PA residents will never see a dime of any of that money that's supposed to be for property tax relief. When the state proposed bringing in slots, ALL the money was to go for property tax relief. The state has made millions on the slots so far this year. Where is it? (Probably paying for the governor's meals--one estimate states his food budget tops two million per year.)

Annette said...

Joyce, I actually edited a little diatribe about the proposed property tax relief out of my post. Thanks for putting it back in for me by way of your comment.

Yes, I'm amazed at how many people seem surprised that we haven't seen that grand reduction in our taxes that was promised back when the powers that be were pushing for the legalization of slots. Ha!

And, I'm glad they failed in their attempt to put a casino near Gettysburg, too. Casinos and racetracks? Yeah, those go together. Casinos and historical battlefields? No way.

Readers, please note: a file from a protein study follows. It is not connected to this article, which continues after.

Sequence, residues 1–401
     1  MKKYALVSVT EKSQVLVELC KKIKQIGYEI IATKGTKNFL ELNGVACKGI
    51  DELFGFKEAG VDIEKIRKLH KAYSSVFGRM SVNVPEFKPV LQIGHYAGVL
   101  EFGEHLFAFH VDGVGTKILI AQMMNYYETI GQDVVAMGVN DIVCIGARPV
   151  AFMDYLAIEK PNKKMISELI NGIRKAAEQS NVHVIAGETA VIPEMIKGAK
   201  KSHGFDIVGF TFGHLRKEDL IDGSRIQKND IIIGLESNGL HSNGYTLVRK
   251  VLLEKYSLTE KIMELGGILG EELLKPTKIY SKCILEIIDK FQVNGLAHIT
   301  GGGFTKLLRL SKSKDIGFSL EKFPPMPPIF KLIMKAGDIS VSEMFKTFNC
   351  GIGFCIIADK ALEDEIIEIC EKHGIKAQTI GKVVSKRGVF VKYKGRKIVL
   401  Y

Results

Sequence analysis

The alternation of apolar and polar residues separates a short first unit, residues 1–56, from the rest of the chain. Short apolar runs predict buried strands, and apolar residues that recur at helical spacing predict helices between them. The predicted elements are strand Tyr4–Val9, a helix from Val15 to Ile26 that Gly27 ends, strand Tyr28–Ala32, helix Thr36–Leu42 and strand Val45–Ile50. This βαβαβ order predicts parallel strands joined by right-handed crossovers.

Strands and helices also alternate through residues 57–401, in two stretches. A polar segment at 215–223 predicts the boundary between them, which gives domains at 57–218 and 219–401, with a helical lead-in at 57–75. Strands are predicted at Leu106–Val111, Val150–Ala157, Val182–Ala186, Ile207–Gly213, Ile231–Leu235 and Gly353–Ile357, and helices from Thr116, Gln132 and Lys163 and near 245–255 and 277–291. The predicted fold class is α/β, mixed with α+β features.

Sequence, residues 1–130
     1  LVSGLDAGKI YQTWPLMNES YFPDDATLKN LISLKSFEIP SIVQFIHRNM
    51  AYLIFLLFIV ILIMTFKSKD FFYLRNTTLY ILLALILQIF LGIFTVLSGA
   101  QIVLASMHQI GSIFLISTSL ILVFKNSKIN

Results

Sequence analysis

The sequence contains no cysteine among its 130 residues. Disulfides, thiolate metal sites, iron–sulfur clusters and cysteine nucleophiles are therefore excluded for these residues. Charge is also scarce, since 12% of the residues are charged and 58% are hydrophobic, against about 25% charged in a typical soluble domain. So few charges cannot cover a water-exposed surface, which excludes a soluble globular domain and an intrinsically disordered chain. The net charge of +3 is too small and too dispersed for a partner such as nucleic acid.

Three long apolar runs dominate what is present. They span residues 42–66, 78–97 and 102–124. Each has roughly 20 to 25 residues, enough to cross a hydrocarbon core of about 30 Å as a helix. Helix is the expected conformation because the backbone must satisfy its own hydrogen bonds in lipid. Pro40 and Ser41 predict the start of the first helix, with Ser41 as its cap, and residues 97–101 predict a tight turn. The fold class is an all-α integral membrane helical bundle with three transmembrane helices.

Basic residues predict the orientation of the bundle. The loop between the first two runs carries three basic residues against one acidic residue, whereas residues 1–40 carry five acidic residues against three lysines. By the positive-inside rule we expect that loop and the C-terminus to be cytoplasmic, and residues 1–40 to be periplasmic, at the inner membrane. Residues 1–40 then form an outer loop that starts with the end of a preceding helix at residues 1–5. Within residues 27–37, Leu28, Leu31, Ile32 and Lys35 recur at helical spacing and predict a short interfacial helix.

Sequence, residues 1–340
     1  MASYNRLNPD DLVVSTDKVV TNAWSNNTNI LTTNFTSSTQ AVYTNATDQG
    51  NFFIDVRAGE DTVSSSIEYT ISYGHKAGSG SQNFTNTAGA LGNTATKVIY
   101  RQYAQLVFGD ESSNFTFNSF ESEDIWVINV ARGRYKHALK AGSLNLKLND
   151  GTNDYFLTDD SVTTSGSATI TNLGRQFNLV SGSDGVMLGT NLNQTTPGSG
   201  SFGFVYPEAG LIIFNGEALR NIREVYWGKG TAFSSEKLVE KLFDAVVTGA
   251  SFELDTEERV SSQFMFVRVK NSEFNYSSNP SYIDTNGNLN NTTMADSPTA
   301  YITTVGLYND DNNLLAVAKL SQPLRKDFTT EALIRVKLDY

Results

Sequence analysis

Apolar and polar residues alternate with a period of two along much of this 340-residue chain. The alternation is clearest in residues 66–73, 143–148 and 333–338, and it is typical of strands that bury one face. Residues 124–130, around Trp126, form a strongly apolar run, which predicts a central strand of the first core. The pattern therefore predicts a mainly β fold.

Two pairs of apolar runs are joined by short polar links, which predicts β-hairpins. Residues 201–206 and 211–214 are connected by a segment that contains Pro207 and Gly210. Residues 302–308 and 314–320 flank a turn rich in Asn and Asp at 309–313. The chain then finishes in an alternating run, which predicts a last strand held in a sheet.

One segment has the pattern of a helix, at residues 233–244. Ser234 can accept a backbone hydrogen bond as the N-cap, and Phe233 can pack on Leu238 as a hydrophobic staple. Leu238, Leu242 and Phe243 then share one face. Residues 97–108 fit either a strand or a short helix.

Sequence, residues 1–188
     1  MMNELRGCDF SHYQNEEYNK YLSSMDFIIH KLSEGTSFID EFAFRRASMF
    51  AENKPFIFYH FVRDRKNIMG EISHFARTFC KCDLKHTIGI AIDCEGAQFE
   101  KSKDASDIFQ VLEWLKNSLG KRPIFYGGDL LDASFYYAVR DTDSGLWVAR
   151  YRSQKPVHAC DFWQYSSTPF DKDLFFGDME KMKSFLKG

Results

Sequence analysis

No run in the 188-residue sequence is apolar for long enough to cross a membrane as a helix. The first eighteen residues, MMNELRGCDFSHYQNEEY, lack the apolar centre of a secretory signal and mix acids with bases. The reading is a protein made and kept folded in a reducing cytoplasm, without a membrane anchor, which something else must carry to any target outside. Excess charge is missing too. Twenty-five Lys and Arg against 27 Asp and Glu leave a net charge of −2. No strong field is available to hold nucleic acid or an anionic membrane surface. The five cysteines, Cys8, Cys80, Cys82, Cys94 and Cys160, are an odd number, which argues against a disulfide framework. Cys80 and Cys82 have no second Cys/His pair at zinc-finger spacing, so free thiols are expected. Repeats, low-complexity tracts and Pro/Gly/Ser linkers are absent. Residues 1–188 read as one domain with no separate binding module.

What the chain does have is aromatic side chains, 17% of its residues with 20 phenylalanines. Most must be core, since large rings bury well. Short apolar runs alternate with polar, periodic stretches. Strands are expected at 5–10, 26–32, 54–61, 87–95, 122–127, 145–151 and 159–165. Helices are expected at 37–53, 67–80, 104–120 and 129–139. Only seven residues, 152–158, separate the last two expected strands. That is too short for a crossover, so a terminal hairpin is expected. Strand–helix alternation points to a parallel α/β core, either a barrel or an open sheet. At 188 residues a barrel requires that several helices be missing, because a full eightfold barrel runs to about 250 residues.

Annette said...

Gina, if blowing a roll of nickels is all they're doing, more power to them.

Kristine said...

I'm most definitely not a gambler. I'm a struggling writer, remember? I don't part with what little money I have by chugging it all into a slot machine.

When we're on vacation, we do spend a day in Atlantic City, but it's not to gamble. My husband may play for a little while, but I cringe every time I see him stuff a dollar bill into the slot. My whole reason for going is that we eat lunch at a great sub shop and dinner at the cool Rainforest Cafe restaurant. Yes, I just go for the food.